DetailsCreate a tap handle of your very own and mount it with this easy to use Brass Dual Threaded Insert. Drill a 1/2" hole 5/8" deep in the bottom of your wooden piece, and screw the insert into the hole. You've now set your faucet up with a custom tap handle!
- Details & Instructions
5.0 / 5.09 ReviewsAwesomeDrill the hole into the thing you want on your taps, screw in this baby, and install on your faucet. Boom. Deer antler tap handle.January 9, 2012Worked Well enoughThe first one I used cracked and broke as I was trying to screw it in. Also had a tough time getting it into the predrilled hole straight without cracking the wood. _x000D__x000D_The second one I used a drill to get it in straight and quick without cracking.October 30, 2012Did the jobOrdered several of these and 2-3 of them had damaged threads, they filed right out though. Worked great on both wood and antler tap handles. I would recommend giving yourself some room to play with on the diameter of the base of your handle if you are turning your own (1/4") or like Lonnie said the handles will split.November 28, 2012Great cheap solution for custom handlesMy neighbor has a small lathe and he made me two handles, one was out of some cherry and one was out of walnut. He used wax on the threads when tapping the handle to lubricate the wood and it worked out well.February 6, 2013Great dealCan't beat the price and if you want custom handles than this is a must.March 14, 2013Good product with 2 small issues for installation.I had two small issues with the inserts. First the lead threads needed to be filed to remove some burrs left over from machining. Secondly in hard oak I could not get the insert started with the recommended 1/2 inch hole and so I had to drill a 9/16 inch one to get them to thread into the handle.March 26, 2013needs 9/16" holeI got these and they are working great, but I had to drill a 9/16" hole instead of the 1/2" hole they recommend. When I tried to get them in the 1/2" hole, the tap handle was cracking, but a 9/16" hole worked perfectly. That larger hole also allows you to push (with some pressure) the insert partially into your hole to get it going straight easier.June 6, 2013love how easy it is to uselove these bought a few easily turned old yeast vials into taps that i filled with grain or hops_x000D_ helps make cheap unique homemade tap handlesFebruary 16, 2014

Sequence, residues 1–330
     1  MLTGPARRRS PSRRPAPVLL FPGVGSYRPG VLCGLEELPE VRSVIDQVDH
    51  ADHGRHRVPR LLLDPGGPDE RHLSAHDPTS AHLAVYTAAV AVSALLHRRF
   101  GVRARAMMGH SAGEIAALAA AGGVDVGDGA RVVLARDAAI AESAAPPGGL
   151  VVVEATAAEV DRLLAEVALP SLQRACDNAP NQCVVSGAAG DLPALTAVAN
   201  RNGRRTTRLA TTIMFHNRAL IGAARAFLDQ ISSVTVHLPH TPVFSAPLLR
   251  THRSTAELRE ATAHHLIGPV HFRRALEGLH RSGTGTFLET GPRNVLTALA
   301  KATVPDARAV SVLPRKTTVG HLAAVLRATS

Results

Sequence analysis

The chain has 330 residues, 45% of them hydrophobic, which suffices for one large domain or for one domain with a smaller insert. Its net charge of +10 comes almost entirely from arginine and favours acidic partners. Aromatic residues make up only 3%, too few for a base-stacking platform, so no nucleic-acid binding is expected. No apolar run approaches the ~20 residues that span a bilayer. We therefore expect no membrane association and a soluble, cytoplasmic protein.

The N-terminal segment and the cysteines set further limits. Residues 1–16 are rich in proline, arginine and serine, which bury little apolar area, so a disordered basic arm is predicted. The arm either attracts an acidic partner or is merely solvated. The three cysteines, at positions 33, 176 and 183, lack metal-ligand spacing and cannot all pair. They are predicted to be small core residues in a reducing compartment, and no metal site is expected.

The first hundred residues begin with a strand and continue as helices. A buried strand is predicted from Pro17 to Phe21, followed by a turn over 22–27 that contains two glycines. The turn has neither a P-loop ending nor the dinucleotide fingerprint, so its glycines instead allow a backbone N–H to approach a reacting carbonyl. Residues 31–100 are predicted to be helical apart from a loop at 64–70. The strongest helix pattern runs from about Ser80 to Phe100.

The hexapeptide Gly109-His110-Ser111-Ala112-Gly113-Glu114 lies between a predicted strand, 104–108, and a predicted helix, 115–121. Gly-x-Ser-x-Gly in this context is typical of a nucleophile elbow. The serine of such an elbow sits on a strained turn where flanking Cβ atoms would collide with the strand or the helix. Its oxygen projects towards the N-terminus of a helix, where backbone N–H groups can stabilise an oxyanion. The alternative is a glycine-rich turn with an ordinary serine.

- Customer Q&A
Browse 3 questions Browse 3 questions and 9 answersDo you only get 1?BEST ANSWER: yes...only one. however, it's less expensive than the same insert on amazon ($4.99).what tool is used to install these threaded brass insertsBEST ANSWER: You'll need to drill a 1/2" diameter hole 5/8" deep into the bottom of your tap first. Then insert the smooth end into the hole and tighten the notched end with a wide flat-head screwdriver. Next, screw the tap handle into your tap and pour yourself a pint of your latest brew. Repeat the last step as necessary.With the item #K215 insert - what is the thread size inside the insert?BEST ANSWER: 3/8" x 16 thread. This is a standard 3/8 inch bolt size and the size on any beer faucet handle. I turn my own handles on the lathe and insert these in a hole drilled in the end. You can use a screwdriver but I finally bought a T-handle with the matching slot from Woodcraft which makes it easier to screw in the insert.